This article is written straight after our Government announced fiscal and monetary mitigation measures in its efforts to deal with the Coronavirus threat. It follows directives that many, particularly outside Nairobi, are ignoring. Within Nairobi, the clobber of “marauding Kenyans” is underway, two days before official curfew. Ask Gitanga Road residents.
It’s also written against a twin global backdrop.
One country, the US, wants a return to business as usual by Easter, as its President proclaims despite his country fast emerging as the pandemic’s latest epicentre.
Sierra Leone has announced a 12-month state of emergency, despite not registering any cases to date. Let’s view these as the polar extremes between which China, Europe and Iran plus Egypt, South Africa and Kenya fall.
Our traditional media has well explained the virus, and actions countries are taking. Social media is asking tough questions and proposing solutions guided by evidence-based strategy. The people have generally turned to séance, science or defiance for answers. Some have called this an “infodemic”.
What did the President Uhuru Kenyatta’s Wednesday announcement tell us? Tax cuts for the formal sector in an informal economy; or less taxes for big and small jobs in corporates; not “cash cushions” for MSME workers. The temporary abandonment of credit ratings. More for social protection, and the hiring of health workers. Salary cuts for less than 100 senior government people. Sh35 billion in potential new credit from Central Bank rate cuts (interest and cash) as we work from home.
Add on a whole of government, not whole of society, approach, promising better working with counties. Promises to pay pending bills, and a call for struggling private sector to do likewise. And then, a big-stick curfew that one WhatsApp message I received described as a “marinated lockdown”.
Don’t forget the previous day’s unsigned “no wage increments, no wage negotiations” Labour and Social Protection statement that didn’t warrant Presidential mention, and looked, walked and talked like “Tangatanga”.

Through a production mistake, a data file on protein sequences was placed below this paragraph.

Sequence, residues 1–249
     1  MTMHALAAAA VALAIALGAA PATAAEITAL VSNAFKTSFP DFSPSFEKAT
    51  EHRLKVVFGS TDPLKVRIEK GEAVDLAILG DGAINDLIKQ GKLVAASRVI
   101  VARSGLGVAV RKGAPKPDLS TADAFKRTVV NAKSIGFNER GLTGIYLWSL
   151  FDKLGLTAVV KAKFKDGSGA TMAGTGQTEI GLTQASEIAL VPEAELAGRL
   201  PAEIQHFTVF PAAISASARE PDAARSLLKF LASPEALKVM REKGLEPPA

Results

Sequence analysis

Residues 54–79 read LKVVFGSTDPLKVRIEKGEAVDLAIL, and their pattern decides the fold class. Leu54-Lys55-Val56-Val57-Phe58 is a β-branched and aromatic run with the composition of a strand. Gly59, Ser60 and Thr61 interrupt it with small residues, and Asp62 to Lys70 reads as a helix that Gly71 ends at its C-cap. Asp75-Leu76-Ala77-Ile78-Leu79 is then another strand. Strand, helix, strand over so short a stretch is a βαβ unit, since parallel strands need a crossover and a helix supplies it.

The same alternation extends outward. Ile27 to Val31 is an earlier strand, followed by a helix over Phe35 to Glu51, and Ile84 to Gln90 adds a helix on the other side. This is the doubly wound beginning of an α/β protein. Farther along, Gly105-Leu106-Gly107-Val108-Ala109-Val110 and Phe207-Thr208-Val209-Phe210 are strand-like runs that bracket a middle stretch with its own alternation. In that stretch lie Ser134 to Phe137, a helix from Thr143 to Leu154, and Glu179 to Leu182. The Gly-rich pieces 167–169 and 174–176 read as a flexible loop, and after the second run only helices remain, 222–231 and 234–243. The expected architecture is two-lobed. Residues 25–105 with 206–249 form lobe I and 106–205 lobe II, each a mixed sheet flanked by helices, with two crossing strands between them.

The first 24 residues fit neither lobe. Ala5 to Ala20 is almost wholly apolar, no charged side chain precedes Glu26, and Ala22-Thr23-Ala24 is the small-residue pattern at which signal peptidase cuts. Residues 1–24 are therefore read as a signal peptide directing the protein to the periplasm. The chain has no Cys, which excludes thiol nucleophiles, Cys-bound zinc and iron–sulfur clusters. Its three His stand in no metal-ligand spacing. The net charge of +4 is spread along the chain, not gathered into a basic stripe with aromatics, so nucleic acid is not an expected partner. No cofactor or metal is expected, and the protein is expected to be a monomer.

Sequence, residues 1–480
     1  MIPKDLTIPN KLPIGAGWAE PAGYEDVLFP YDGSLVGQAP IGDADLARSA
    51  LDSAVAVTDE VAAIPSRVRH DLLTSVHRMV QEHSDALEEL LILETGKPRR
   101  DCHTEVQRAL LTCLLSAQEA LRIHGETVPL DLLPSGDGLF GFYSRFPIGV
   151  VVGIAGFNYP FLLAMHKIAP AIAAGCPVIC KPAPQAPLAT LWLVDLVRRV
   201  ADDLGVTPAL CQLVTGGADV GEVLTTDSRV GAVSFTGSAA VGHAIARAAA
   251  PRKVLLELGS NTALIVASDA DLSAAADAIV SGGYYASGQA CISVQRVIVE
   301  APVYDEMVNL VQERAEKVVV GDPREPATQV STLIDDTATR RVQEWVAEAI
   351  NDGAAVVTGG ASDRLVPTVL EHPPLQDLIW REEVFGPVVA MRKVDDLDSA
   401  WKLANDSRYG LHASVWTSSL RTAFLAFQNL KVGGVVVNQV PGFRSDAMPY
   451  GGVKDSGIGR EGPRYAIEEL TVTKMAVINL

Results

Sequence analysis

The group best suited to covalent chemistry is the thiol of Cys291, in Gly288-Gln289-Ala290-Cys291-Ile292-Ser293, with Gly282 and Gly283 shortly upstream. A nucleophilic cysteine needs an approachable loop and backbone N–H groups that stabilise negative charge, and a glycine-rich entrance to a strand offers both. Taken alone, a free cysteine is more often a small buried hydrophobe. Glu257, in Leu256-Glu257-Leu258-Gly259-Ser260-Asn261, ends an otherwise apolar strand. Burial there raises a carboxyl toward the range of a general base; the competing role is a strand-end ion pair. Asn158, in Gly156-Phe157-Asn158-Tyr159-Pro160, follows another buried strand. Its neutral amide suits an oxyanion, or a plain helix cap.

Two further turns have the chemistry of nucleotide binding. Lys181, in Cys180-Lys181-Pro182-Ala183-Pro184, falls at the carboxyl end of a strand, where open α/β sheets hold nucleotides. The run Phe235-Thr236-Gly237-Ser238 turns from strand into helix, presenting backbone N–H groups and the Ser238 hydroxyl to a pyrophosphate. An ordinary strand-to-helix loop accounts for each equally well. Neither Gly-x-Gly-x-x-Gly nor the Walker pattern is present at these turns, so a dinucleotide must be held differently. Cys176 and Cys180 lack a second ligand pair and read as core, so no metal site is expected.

If only our leaders read The Elephant, to see that “things are truly elephant’. Patrick Gathara’s and David Ndii’s meticulous pieces this week are a good place to start.
What people seek is a policy approach that solves people’s problems, not a laundry list of suggestions. What people expect is a coherent government strategy, not ad-hoc initiatives “on the fly”. Mostly, what people respect is deep thinking and honest answers to a threat we struggle to understand, beyond concepts like working from home and social distancing.
The people want “great”, not just “good”.
Let’s build on my four reflections from last week.
First, the virus and health. This isn’t a health scare, it’s a health emergency. This requires a comprehensive emergency package, not people alone, not tools and gadgets alone, but the “full monty”.
People, beds, testing and treatment equipment, drugs for opportunistic infections and the like. Where’s containment, rather than mitigation, most needed? What’s the mix of men, money and machines needed to deliver this package?
Second, the virus and society. This pandemic isn’t for the short-term, so it will reshape social norms and behaviours. Where’s the conversation, rather than government fiat, that walks us through this? Lockdown, yes, but what’s the vision thereafter? Hygeine should have been obvious to us before this threat.
Overall discipline isn’t our forte, beginning with politicians, and we don’t mean communist order here. We’ve done civic education for a generation now, we probably need civic empowerment next. This is our trickiest across-society challenge, noting the important role that media can play.
Third, the virus and the economy. The economy reflects society, not the other way around. So, where, as a colleague noted, the owners of government are the owners of capital, it’s obvious that government lacks empathy with “little people”, even as MSMEs are a sexy buzzword.
We don’t protect jobs by cutting taxes, we do by actually retaining them. Economic empowerment anyone? Dr Ndii’s ideas around a “lifeline fund” for MSMEs represent the best Kenyan thinking I’ve seen this week.
Then there’s our discombobulated fiscus. Revenues will fall short. Debt service is killing us. Government refuses to restructure its spending. Yet, one suspects there’s enough reducible sin, sloth, sleaze and slumber in there to double its productivity while cutting a third of its cost.
Let’s throw all of these ideas, and more, at a socio-economic team that supplements the science team.
Finally, the virus and digital. Not our current vendor-driven “M-Pesa blah blah” digital economy blueprint, or giant 4G balloons. Not the Huduma Namba farce. Consider instead a futuristic vision for this fast-changing world; the meaning of digital for sectors, industries and government. Let’s leave the detail to a digital team that isn’t infested and infected by vendors.
A health emergency; a societal challenge; an economic slowdown and a digital opportunity. Before we say “regime change”, let’s find great solutions, not just half-good answers.